Kahle hooks have been a staple among live bait fishermen along the Mississippi Gulf Coast for years; whether fishing with croakers or shrimp or bull minnows, you name it.

Soft plastics on wide gap hooks have been the preference of coast bass fishermen since the aforementioned big-bite hooks hit the market.

Why has the saltwater angler who prefers the "thump" of a nice speckled trout or redfish while fishing a soft plastic on a jig head been left out?

There's a multitude of J hooks in every conceivable size color and shape on tackle racks at stores across the coast, but nothing else ... until now.

Last May, Dana Sanders went to Port Sulphur, La., with a group of friends on his first wade fishing adventure. What he experienced was a speckled trout bonanza like he'd never seen. All of the fishermen in the party had their limit of fat Port Sulphur trout before most of us had sat down at our desk to start the day!

They caught their fish on a multitude of plastics ranging from Matrix Shad to Sparkle Beetles. One thing that they had in common was that they were using a jig featuring a wide gap hook Mr. Charlie Bush of Luling, La., had poured.

The wide gap Mustad hook on the 3/8-ounce jig head had a hookup ratio that surprised everyone ... except Charlie Bush.

Fast forward to earlier this year.

Dana touched base with Charlie and asked for advice on pouring a similar jig head for his son David and himself. Along with the advice, Charlie sent the mold, melting pot, and enough lead to get started.

Dana and David sat down one rainy day and started pouring jig heads; jig heads they initially thought they'd use for themselves and maybe pass out to a few friends.

After they'd poured several, David had an idea.

"Poppa," David said, "I bet I could sell these jig heads because they're different."

Dana shared in David's enthusiasm and decided to survey some friends on how they felt about a jig head with a wide gap hook.

"After a little talking," Dana said, "if you want to test the waters we have a great platform to do so (on a local fishing forum).  Let's put it on and see what happens."

When news of a wide gap jig head hit the web, the first 200 jig heads went quickly.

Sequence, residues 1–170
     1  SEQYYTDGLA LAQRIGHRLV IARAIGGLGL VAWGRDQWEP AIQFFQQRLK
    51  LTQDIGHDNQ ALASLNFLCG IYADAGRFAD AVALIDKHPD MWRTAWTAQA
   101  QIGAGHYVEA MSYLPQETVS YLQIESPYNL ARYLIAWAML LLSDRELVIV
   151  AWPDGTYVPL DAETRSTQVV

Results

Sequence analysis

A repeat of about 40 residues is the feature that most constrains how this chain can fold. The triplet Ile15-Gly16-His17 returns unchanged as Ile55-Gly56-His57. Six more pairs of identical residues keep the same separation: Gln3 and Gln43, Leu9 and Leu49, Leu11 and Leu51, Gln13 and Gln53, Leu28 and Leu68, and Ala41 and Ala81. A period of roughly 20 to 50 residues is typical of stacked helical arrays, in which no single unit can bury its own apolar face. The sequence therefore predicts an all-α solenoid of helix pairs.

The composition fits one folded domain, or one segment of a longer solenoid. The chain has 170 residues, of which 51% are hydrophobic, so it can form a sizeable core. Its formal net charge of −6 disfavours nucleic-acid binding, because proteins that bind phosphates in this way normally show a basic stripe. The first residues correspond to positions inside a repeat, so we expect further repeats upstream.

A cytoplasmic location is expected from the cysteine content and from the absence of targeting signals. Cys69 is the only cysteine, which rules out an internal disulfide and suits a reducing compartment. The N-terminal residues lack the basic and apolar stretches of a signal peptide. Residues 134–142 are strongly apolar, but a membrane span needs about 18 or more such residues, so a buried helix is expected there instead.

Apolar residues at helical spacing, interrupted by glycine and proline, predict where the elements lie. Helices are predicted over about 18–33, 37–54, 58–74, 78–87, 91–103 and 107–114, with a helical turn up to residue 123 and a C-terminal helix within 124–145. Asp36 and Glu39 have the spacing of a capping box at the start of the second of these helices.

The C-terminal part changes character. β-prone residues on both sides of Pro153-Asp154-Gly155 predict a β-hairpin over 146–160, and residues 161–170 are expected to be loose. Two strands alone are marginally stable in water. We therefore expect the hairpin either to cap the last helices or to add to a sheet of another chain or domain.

At this point Dana knew they had a decision to make; think small or think big.

"After I saw how that happened," Dana said, "I told David he had two options. He could pour a few on the side and just have fun or he could set up a business and just see where it goes. He opted to do the latter."

Within a month David, who was 15 at the time, had an LLC, set up a web page with PayPal, a Facebook page and had his own email address.

Shortly after the fledgling company got rolling David had jig heads in tackle shops from Pascagoula to Biloxi as well as a handful of charter captains using his jigs.

"My short-term goal is to get established in shops across the coast like Sea 2 Swamp (in Gautier, Miss.)," David said. "My long-term goal is to get into shops in Louisiana and Texas. I want to get my name out there."

David isn't shy when he discusses the difference in his jigs compared to others.

"What distinguishes my jig heads from others is the wide gap hook," he said.  "When you compare it to other hooks, the hook size is tremendously different.

"My jigs are a lot wider, they have a big gap on it, and they don't tend to bend. It's a really strong hook and doesn't break.

"I do a lot of different colors so it's nice to be able to custom order them," David said. It gives them the say so on what color jigs they want."

He also offers different size hooks ranging from 1/0 to 4/0 on jig heads ranging from 1/8 to 3/8-ounce.

Since I interviewed David he has introduced two more jig designs, introduced more colors, and gotten into two tackle shops in south Louisiana.

David isn't your typical teenager who's satisfied with sitting around playing video games. He is on a mission; a mission to raise the bar for inshore tackle.

You can find his jig heads in tackle stores from Pascagoula, Miss., to Metairie, La., or on his website at http://davidscustomtackle.com/.